When the Petersons found him reading scraps of a book in a corner, Mr. Peterson, or Pa as he called him now, greeted him with a grin distorted by a jagged scar down the side of his face and across his upper lip. At first, Teddy wanted to scurry away and hide as he did whenever someone new came close. But, his soon to be Mother wrinkled her nose and offered a cookie, making such a funny face under her pile of frizzy pale hair he smiled and let them approach, hunger weakening his survival instincts. Both were as pasty in complexion as the gypsum boards, which made up most of the broken walls in Undercity. As he munched their offering, Pa talked to him about books and such until Teddy’s fears eased and the Petersons became the first people he trusted since his parents disappeared.
They were kind people. Not too many Underlings assist the various orphans hiding in the passages and tunnels of their world. When he was well into ten years of his life, they gave him a home. Two months later a younger, scrawnier Jolon, now pudgy, with coppery skin prone to pimples and scabs, joined them. His older sister, Caden, already lived with them when he showed up. At first, they each kept their distance from the other, but they came to build a certain level of trust though she still hid much of herself away. Age was irrelevant to most Underlings. Though he knew Deb was seven because he was present when she was born. Although she was the Peterson’s only biological child, they treated all their children the same. Everyone adored Deb, even Caden who refrained from affection toward anyone.
“Got some paper for you,” he told Caden, and she almost smiled.
She tugged off her mismatched, weathered socks and plucked at the holes in her jeans. He passed her a couple of sheets and a pencil, and she settled into drawing Jolon’s portrait.
“So, somebody tell me something interesting,” she said in a gruff whisper. Though tall, she carried little meat on her bones and had peeling splotches on her sepia skin.
One thing about the Underworld life was everyone had a sickly greenish-grey tinge to the complexion no matter what the natural colour. If the toxins in the water didn’t mutate you, the piped in air did; or the scraps of food grown under fluorescent lamps in exhausted, chemical-soaked soil altered your genes.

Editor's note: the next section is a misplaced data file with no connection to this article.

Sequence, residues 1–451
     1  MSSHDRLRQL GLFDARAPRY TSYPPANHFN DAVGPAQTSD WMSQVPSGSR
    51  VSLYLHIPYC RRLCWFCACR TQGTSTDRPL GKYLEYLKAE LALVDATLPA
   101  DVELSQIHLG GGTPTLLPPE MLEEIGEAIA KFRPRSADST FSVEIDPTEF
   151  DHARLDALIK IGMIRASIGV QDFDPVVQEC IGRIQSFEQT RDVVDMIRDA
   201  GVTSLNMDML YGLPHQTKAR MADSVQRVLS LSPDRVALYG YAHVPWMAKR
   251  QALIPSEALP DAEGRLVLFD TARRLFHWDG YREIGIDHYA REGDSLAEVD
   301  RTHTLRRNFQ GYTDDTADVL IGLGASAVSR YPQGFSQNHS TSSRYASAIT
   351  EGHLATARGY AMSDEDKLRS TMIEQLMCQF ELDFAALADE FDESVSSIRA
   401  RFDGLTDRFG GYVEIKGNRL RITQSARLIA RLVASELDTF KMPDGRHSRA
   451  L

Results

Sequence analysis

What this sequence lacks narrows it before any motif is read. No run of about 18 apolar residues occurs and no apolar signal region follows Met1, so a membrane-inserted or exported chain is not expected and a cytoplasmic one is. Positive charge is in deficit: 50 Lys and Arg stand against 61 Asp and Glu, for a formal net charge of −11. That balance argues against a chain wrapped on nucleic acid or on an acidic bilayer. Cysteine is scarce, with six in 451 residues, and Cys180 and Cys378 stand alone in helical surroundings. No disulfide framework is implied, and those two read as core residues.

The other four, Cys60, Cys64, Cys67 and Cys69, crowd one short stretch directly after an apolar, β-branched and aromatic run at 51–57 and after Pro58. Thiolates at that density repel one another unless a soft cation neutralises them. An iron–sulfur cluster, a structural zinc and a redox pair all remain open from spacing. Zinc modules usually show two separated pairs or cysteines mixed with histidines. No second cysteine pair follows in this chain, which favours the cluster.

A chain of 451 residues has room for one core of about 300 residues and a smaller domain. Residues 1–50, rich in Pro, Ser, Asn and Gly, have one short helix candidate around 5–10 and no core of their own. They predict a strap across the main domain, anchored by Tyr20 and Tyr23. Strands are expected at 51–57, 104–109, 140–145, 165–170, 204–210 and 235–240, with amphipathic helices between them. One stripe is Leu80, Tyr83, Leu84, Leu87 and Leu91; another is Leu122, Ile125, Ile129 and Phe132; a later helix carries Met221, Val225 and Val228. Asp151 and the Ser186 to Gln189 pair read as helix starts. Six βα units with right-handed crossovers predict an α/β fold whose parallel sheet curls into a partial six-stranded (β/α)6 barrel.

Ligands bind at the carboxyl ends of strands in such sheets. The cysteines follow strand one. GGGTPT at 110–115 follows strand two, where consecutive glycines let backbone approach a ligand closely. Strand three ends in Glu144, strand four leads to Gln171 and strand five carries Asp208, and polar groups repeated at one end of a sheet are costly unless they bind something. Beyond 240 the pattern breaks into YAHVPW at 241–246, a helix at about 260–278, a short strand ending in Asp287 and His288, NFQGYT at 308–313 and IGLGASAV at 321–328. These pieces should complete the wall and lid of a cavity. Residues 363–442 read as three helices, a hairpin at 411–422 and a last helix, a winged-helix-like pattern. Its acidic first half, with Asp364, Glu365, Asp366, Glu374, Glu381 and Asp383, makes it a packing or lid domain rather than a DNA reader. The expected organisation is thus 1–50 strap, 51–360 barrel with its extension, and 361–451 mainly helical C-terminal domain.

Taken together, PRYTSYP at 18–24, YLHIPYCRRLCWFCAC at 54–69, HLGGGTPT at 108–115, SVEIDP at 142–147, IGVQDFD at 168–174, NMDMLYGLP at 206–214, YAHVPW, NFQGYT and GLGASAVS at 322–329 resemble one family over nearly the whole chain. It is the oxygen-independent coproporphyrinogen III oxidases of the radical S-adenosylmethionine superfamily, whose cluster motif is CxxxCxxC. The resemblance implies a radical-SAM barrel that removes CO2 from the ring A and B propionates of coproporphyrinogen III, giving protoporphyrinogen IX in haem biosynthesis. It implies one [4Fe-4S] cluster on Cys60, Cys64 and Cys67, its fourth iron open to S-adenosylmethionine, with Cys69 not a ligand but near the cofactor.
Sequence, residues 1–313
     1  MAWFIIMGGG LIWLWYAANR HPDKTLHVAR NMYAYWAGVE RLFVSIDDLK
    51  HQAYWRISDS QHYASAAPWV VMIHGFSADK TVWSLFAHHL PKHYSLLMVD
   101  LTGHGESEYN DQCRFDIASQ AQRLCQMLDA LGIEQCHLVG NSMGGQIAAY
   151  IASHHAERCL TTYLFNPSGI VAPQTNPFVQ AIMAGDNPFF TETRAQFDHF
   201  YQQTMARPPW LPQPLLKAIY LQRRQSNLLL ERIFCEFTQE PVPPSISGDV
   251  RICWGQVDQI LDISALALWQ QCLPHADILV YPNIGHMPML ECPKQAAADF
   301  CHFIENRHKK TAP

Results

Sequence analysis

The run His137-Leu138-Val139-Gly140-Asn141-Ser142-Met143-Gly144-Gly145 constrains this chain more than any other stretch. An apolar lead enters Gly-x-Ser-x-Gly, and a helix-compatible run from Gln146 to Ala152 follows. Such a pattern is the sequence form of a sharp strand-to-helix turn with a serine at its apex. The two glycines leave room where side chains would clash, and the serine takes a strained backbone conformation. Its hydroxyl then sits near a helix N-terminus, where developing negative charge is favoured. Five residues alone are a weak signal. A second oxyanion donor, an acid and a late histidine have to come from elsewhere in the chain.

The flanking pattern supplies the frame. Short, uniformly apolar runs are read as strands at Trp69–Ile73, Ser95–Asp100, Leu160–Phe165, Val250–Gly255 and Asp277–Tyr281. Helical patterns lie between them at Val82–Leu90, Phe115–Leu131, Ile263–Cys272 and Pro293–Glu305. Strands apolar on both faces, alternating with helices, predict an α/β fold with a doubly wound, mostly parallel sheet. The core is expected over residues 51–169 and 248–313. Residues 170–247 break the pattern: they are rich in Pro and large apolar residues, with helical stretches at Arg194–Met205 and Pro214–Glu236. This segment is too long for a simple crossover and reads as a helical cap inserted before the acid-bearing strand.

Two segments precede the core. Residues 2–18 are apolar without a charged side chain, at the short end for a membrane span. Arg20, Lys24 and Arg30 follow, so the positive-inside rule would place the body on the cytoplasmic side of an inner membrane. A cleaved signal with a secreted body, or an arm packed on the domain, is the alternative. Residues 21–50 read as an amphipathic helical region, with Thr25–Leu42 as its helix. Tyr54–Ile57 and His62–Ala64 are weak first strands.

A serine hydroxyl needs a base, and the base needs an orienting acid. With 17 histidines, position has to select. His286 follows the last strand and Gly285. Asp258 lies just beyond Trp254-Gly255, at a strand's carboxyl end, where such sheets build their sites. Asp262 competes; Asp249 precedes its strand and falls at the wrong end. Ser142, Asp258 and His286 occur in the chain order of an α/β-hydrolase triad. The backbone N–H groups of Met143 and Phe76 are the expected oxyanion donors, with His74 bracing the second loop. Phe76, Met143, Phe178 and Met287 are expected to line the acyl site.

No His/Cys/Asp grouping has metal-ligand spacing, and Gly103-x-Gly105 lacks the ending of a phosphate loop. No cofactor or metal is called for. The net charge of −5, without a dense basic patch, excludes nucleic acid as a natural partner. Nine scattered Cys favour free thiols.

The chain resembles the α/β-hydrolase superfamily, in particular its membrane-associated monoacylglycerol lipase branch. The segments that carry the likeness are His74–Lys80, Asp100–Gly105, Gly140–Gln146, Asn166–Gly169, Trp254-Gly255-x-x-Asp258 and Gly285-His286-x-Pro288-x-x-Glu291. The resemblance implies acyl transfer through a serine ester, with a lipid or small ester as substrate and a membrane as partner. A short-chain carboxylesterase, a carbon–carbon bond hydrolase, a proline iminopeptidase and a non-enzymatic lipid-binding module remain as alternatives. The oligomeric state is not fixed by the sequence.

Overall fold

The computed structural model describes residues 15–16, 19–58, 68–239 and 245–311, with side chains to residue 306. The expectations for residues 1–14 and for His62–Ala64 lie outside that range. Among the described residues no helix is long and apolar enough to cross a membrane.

“He’s writing in a journal, and we don’t get to read it.”
“Don’t be so dramatic.” He threw a wad of paper at Jolon.
Caden shrugged as though she didn’t care. “So? Can’t read, anyway.”
“I told you I would help you.” He could not resist offering.
She narrowed her gaze. “Don’t want help, just want stories. The reading thing is for freaks such as you.”
“I can read,” Jolon said.
“You stutter and stumble over the words, makes the story weird.”
“It’s not my fault the letters are all backwards.” He stuffed a dry cookie in his mouth.
“That’s dyslexia.” They didn’t seem impressed, and Teddy felt his cheeks flush. “It’s true. I read it in a scrap of a book I found in the ruins of one of those office rooms.”
Caden shook her head and flopped back on the bed, staring at the wall. “You gotta do that, don’t ya—name everything. Who cares? Things are what they are.”
“Knowledge is important,” he insisted, wishing they understood.
“Uh huh, and here most everyone thought food and water were important.” She clicked her tongue and jabbed at his papers. “So, how does it start?”
“A dark and sticky night,” Jolon said.
“Stormy. Journals are not for sharing.”
“What’s a stormy night?” Deb asked as she joined them after finishing her usual play date with their father.
Teddy groaned; he was never going to find any privacy. “Ah...” He stopped, how did a person explain something he only read about. The papers they found in almost every building talked about something called weather, but it seemed obscure. “It has something to do with clouds and sunlight and rain.”
“I heard about them,” Jolon said, bouncing up and down on his chair while Deb climbed on Teddy’s lap.
Her worn pink skirt had new blue patches sewn over the holes, which made her soft blue eyes more intense. Her pastel gold hair frizzed like their mom’s and tickled his chin.
Caden scrunched up her nose. “You heard nothin’.”
“No, I did, honest, when I went to Market Quarter with Pa last week,” he insisted. “This group of Uppers went on about building a new garden with this glass dome thing...”
“Jolon, you’re babbling.”
“Let him finish,” Teddy said, always curious about the Uppercity. Aside from the Theater Quarter, he had been to the market and lived through one horrible encounter in the seedy Adult Quarter, but the rest had always been forbidden, and his brain hungered for details, even made up ones.
“They said they saw this bright sun thing and all this...” His brother faded out as though unable to find the words to describe what he heard.
He leaned back and let his imagination fill in the blanks.
“Teddy, Ma says you need to tell me a story,” his little sister informed him with her most serious tone, her intense eyes stared at him.
He smiled and got off his chair, taking her with him as he went. “I need to, huh?”
“Yes, you will shrivel up and turn to dust if you don’t,” Caden muttered as she fluffed her pillow into submission.
“Oooh, another story?” He tossed his little sister onto the bed. “Ahhh, I guess I can manage that.”